Oops, I’ve been doing point 4. The are complications which means it’s not your typical case, and my motives are (possibly misguided) altruism – I don’t expect or want anything in return from her (except maybe prayers for my wellbeing) though we were good friends with the possible expectation of something more at some point. The assistance doesn’t make a huge hole in my surplus – it’s occasional large amounts. However, in the light of this article, I’ll have to address this. She’s from a poor country (no, it’s not an internet scam, I met her in person), and, probably like a lot of the rest of the population, there are periods where she doesn’t have enough food to eat. However, others are similarly suffering, and you could legitimately ask the question why she gets special treatment. If I really wanted to help, I could find a project that supported people in need in her area, and sponsor that. And for all I know my sugar daddyism may be under-cutting an attempt from a genuine suitor to operate the Boaz method of attracting a wife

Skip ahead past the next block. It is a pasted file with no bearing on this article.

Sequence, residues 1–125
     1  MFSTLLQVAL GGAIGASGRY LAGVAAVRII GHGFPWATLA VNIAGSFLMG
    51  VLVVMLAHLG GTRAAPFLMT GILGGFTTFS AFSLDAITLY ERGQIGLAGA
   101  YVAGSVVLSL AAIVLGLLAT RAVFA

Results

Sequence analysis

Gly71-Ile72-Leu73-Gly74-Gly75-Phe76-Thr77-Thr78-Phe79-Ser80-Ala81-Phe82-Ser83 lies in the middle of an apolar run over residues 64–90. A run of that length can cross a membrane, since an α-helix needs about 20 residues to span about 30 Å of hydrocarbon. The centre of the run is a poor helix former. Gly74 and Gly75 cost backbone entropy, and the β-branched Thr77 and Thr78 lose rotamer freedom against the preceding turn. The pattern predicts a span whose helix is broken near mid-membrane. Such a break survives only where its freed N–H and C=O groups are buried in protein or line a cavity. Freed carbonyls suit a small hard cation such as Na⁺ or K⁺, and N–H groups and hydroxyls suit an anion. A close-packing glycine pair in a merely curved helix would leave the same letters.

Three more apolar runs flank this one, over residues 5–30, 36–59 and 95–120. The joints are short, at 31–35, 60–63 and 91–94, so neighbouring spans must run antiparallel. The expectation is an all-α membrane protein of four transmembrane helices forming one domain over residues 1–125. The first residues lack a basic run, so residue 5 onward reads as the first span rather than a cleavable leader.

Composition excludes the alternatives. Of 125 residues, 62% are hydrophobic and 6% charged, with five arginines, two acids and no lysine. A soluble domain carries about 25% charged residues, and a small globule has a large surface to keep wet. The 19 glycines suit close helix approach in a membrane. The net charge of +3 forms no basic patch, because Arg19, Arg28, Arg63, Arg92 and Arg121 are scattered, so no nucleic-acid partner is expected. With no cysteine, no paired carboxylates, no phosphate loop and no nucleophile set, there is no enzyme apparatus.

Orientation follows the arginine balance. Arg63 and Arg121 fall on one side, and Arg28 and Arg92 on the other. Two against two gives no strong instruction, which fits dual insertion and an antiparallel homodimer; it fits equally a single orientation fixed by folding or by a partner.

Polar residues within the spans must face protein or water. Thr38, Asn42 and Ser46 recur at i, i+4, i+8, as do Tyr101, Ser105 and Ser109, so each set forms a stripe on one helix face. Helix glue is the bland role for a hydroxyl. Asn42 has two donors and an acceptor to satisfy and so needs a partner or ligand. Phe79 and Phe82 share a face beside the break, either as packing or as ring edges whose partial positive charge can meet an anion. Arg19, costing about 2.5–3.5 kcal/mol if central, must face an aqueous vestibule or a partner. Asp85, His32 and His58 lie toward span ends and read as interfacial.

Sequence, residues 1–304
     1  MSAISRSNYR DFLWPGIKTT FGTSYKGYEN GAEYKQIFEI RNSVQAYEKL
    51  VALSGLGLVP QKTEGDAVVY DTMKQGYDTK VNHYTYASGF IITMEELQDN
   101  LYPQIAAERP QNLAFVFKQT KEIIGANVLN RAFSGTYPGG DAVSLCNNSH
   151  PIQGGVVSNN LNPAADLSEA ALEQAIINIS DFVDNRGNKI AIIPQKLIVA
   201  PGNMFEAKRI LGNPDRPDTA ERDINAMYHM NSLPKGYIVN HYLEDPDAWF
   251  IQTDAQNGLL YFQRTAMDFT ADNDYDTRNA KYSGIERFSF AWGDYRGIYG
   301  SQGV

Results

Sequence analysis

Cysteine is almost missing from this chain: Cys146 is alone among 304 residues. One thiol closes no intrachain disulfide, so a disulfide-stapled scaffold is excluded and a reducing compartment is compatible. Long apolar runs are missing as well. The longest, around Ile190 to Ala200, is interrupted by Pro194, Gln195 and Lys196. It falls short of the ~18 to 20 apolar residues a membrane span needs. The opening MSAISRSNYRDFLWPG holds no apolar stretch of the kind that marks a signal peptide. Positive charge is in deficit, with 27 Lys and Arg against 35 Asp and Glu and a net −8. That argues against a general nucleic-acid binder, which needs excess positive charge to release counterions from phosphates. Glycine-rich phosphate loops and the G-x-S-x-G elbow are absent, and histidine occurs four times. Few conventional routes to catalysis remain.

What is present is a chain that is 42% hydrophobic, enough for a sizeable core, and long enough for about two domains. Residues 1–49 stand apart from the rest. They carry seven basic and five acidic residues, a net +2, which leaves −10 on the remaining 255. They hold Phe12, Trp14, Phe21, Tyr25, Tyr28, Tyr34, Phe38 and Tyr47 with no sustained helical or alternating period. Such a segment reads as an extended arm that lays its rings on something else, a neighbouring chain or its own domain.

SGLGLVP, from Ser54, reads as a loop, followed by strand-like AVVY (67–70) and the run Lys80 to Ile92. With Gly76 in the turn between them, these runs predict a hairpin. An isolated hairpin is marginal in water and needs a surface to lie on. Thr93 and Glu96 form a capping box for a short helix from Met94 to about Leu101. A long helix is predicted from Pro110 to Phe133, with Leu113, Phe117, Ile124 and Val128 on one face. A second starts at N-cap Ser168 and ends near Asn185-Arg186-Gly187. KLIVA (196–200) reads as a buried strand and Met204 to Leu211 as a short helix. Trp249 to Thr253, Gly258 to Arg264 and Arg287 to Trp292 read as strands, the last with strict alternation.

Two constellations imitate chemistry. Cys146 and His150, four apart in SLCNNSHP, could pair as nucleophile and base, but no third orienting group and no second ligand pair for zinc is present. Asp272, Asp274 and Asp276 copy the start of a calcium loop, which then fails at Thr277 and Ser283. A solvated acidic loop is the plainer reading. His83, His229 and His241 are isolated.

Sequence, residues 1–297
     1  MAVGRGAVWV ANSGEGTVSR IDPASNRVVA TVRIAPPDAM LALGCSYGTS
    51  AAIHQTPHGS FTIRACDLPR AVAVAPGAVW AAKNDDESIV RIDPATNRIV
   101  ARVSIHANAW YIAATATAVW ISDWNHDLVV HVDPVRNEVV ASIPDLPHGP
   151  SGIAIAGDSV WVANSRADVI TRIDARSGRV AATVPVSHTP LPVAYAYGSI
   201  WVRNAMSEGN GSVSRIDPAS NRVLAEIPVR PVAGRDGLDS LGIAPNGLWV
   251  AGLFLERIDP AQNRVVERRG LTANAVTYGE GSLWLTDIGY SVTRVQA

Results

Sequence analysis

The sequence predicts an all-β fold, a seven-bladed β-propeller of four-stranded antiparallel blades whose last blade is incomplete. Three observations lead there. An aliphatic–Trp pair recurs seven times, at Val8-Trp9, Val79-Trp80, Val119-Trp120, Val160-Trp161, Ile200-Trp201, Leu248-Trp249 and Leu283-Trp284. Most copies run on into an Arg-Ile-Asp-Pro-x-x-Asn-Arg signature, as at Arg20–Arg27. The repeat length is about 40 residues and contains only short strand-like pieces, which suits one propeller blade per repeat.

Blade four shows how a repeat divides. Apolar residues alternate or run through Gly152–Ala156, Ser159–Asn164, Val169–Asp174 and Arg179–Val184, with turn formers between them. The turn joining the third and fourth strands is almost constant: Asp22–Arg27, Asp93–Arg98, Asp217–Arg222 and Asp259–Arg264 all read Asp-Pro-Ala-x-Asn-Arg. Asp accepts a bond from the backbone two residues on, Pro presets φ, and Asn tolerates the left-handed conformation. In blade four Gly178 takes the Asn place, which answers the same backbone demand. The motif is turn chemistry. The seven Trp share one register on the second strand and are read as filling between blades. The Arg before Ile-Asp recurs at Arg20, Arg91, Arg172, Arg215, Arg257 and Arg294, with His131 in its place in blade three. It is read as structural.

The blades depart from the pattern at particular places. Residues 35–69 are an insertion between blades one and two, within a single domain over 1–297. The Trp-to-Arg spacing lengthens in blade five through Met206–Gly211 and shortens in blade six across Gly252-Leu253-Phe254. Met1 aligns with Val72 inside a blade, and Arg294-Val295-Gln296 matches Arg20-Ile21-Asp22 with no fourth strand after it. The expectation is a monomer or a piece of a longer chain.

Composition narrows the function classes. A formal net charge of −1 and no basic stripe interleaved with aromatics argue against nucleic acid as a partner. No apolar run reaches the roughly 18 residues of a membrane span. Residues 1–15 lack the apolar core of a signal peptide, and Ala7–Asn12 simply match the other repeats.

12. @ Ichaelma

    Generally, I don’t have much problem with people helping out with something that God directed them to do with much prayer and petition.

    But yes, if you’re just doing something [because of a woman] it may be interefering with others helping out in your stead, especially if it’s something unrelated to the ministry that God has called you to.

    You only have so much time and resources to use, and if you’re not using it where God wants you too (even if it’s a good cause and still in the Chuch) then you’re being wasteful. There’s no way anyone has enough time and resources to eliminate all poverty and suffering, and that’s not what God calls us to do anyway.